Neither side of this argument is correct. At the very least, neither side is fulfilling the full needs of the learner.

In the first place, the instructor should know more than the student. In theory, Classroom 2.0 is easily subject to the “any idiot” theory; that is, any idiot can run it. If external information is adequate for self-instruction, and the instructor is merely a guide to it, he doesn’t need to understand any of it; he just needs to know where it is. Asking students to pay good money for such a class is a real stretch. Furthermore, in case no one has noticed, modern students are masters of Google-fu (The Not-So-Ancient Art of Using Google) to find what information is publicly and freely available for use in an educational environment. Modern students do not need the teacher to find these sources.

Well, guess what: public sources are not adequate to learn any complex subject in detail. Why should they be? The best information is still sold in “dead tree” books, copyright-protected and aggressively defended from piracy and illegitimate uses of all kinds. The student’s access to information is simply not unlimited. That’s why the student looks at a teacher as a source of information. If the teacher is unable, or unwilling, to act as a source of information, the student will be deeply annoyed, to say the least.

Furthermore, even if all the information about a specific subject can be crammed into a single book, or a small collection of books, simply handing the information to the student, in bulk, is not adequate for anything sane humans can call “learning.” Take one example: English grammar. Have you looked at a “serious” grammar book? These books are huge things, thick and bulky, and completely impenetrable and illegible to the ordinary English native speaker; non-native speakers who are not already masters of the English language have no chance whatsoever, and even non-native masters may find the exercise daunting and tedious.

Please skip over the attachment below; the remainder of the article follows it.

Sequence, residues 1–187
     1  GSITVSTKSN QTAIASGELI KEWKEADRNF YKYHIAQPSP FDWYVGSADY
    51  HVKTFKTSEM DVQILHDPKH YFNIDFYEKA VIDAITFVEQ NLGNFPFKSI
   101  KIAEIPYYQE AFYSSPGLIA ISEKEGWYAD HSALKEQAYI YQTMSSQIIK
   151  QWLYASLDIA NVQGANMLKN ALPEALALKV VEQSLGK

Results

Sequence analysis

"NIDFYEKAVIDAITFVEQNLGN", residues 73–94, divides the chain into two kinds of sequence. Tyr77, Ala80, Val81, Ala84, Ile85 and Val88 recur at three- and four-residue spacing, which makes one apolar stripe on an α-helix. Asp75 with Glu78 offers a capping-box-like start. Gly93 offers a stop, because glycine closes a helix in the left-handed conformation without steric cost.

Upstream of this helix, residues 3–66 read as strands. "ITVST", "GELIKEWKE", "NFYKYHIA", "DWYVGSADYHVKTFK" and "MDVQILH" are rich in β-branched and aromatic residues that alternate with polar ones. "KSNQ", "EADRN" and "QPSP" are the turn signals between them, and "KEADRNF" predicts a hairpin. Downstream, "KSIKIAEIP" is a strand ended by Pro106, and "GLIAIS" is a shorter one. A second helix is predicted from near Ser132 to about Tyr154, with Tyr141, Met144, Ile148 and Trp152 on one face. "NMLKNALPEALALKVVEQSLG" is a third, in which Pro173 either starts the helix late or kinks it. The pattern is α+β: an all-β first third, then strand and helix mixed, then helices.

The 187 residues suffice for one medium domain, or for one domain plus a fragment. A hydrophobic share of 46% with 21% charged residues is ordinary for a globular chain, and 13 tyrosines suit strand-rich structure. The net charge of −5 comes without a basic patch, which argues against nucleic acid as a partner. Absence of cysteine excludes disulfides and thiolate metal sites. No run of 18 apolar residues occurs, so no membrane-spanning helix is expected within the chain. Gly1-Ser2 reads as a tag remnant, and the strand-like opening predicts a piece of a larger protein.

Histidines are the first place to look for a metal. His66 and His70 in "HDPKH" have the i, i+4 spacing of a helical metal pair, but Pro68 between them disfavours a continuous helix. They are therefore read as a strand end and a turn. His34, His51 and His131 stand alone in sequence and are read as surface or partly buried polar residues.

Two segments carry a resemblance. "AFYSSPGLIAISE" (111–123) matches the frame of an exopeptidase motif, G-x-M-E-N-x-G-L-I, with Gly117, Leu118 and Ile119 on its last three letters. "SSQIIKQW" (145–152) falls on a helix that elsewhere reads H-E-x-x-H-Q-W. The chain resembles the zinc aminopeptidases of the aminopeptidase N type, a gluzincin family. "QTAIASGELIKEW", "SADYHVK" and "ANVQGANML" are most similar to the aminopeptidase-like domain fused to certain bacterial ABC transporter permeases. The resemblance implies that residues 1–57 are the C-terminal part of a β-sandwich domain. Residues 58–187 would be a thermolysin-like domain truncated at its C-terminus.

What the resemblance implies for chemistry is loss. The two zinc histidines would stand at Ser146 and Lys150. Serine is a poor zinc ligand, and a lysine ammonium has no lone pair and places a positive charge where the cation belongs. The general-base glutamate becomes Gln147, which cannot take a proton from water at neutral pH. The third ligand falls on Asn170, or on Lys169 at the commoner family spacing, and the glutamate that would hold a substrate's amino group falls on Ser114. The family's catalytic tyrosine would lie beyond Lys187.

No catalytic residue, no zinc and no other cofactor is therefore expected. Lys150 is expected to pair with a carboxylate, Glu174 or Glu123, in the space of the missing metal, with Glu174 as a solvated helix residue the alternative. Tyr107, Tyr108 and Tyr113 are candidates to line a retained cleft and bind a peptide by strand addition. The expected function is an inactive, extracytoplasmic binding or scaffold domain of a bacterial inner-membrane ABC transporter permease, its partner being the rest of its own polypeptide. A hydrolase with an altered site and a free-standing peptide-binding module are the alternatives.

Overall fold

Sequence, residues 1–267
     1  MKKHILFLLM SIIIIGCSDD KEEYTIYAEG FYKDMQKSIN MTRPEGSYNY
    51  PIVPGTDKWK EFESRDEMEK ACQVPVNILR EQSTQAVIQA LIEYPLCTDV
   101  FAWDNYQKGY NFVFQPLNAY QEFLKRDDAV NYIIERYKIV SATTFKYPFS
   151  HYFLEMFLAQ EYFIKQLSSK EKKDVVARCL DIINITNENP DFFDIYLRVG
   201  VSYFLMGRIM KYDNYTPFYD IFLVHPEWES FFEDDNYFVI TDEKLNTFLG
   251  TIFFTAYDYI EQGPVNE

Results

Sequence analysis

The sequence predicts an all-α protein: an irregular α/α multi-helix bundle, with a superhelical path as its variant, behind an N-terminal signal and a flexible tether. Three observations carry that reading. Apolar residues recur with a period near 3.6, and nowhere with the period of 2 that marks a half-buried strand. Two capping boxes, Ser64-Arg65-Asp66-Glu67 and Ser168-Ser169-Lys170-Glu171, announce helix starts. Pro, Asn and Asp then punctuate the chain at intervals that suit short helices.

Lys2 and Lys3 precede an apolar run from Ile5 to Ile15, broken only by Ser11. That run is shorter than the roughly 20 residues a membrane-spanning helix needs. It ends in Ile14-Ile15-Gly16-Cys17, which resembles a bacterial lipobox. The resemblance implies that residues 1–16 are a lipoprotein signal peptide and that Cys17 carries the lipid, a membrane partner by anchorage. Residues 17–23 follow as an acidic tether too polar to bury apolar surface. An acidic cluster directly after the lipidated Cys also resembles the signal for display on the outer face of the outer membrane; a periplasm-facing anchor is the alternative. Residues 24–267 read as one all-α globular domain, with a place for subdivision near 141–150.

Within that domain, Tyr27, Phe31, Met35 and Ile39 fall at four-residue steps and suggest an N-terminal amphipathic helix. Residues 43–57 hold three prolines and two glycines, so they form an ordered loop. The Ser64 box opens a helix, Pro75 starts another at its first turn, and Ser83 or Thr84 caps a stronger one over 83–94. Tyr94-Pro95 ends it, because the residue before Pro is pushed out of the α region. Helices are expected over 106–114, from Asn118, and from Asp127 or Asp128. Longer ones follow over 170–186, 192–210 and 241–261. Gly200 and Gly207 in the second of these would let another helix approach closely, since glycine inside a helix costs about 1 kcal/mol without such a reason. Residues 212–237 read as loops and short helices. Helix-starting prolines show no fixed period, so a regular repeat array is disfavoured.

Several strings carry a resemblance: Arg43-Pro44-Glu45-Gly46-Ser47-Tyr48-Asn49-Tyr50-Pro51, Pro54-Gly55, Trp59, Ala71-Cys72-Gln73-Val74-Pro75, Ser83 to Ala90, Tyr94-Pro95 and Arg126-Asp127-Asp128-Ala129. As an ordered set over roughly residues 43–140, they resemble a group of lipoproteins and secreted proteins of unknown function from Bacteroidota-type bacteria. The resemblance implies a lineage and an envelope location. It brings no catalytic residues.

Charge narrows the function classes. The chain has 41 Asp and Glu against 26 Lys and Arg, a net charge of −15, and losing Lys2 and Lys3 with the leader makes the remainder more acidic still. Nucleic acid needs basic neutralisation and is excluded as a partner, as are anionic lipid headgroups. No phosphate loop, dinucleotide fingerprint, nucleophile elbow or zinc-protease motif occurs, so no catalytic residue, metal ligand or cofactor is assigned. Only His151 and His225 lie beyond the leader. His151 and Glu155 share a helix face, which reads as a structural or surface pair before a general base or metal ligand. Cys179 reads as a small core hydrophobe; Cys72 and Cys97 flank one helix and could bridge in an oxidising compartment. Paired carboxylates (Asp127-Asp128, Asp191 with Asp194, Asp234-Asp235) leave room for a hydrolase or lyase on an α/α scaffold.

Therefore, the true task of the instructor – the “master” in this relationship – is to find a way to turn information into practical knowledge, and convey this practical knowledge to the learner in the most efficient and effective way possible.

After all, if the instructor is more skilled and knowledgeable about a given subject, yet cannot convey this knowledge to the student so that the student may turn it into his own skill, the instructor’s skill and knowledge is meaningless, and serves no practical use whatsoever.

Making Mid-Course Corrections

In a master-apprentice relationship, neither side is passive. The instructor is constantly attempting to turn his knowledge into a form that can be absorbed by the student; however, the instructor knows that dumping the entirety of his knowledge onto the student would be crushing him or her under a 5-ton slab of concrete. The instructor must pace the conveying of the knowledge.

The student, for his or her part, is constantly trying to absorb the maximum amount of information, but confronts internal and external obstacles; this is an inherent part of the learning process. With lines of communication with the instructor open and regular, the student delivers a steady stream of feedback that enables the instructor to adjust the pace and the exact mix of the lessons to account for the student’s circumstances.

In doing this, the instructor keeps the long-term agenda – the big picture – in mind, while seeking to avoid a collapse in confidence by the student by being too hard at any one point. Like water, the instructor’s lessons follow the path of least resistance; in the end, the student’s knowledge is like a lake, gradually filling and rising.